Belfast Telegraph

Terry Gilliam dismisses 'ignorant' claims of convent damage on Portugal film set

Terry Gilliam said people should get their facts straight.

Film-maker Terry Gilliam has said claims that a cherished Portuguese convent was damaged during movie shooting are “ignorant nonsense”.

The General Directorate for Cultural Heritage in Portugal has said it is looking into a report by public broadcaster RTP that the location shoot for The Man Who Killed Don Quixote left chipped masonry, broken roof tiles and uprooted trees at the 12th century Convent of Christ in Tomar.

The convent was a stronghold of the Knights Templar, a Christian military order founded in 1119, and is classified as a world heritage site by the United Nations.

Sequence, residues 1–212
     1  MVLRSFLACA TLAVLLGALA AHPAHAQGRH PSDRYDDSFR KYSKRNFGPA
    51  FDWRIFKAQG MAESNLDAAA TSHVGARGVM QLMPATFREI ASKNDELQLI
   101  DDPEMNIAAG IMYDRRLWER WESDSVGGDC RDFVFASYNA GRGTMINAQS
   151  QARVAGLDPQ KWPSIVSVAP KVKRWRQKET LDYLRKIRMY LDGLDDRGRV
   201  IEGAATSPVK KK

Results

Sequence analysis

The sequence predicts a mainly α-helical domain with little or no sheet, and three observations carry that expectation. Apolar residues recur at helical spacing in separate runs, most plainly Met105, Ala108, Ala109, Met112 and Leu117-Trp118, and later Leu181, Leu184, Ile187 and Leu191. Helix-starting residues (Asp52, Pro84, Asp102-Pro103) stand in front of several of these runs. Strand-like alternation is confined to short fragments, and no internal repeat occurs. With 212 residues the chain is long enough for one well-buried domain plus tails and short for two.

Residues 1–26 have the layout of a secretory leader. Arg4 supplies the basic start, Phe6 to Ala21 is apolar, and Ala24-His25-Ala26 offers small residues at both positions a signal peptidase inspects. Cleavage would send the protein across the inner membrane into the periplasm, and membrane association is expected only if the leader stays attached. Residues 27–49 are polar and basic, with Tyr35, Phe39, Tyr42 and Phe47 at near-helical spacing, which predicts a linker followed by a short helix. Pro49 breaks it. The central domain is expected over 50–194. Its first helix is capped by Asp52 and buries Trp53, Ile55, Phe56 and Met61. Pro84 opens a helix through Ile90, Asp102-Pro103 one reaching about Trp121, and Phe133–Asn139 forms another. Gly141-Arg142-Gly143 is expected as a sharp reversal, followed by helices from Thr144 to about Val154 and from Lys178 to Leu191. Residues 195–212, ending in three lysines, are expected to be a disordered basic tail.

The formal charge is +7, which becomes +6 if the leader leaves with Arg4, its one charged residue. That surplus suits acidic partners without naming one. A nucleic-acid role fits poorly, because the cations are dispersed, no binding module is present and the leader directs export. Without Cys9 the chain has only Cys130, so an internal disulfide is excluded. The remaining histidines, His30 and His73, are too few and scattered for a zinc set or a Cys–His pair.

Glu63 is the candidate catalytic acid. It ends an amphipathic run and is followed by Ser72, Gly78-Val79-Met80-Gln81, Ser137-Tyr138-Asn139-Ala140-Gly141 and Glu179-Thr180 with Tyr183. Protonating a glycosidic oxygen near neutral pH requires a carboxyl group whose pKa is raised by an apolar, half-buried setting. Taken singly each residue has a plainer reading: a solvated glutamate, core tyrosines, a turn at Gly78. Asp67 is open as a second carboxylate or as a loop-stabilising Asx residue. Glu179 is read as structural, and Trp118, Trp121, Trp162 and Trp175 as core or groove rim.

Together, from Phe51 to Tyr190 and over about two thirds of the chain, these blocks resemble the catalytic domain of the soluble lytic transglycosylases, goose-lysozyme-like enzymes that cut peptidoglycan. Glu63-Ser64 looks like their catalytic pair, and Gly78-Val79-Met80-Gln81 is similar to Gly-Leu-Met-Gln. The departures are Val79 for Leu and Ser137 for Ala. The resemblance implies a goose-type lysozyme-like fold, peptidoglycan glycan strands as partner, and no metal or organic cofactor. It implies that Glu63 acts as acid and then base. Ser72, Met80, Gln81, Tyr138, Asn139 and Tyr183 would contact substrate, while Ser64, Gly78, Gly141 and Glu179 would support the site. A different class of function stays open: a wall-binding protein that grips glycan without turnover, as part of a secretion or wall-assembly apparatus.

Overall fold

Writing on Facebook, Terry said: “Whoa!! Let’s call a sot (sic) to this ignorant nonsense. I think the Conveto di Cristois one of the most glorious buildings I have ever seen.

“Everything we did there was to protect the building from harm.. and we succeeded. Trees were not cut down, stones were not broken.”

The Monty Python star, 76, said: “There was not an iota of disrespect involved. People should begin by getting the facts before howling hysterically.”

Ukbar Filmes, the Portuguese production company used at the location shooting, said some damage was catalogued by convent officials who monitored the filming.

The damage included six modern roof tiles and four small chips in masonry, which will be restored, Ukbar Filmes said in a statement to the Associated Press.

The company said the trees were planted during the making of another film and that convent officials consented to their removal at the end of the shoot.


Terry’s film has taken years to come to fruition.

He wrote on Facebook that the shoot had finally wrapped.

“Sorry for the long silence,” he said.

“I’ve been busy packing the truck and am now heading home.

“After 17 years, we have completed the shoot of THE MAN WHO KILLED DON QUIXOTE. Muchas gracias to all the team and believers. QUIXOTE VIVE!”


From Belfast Telegraph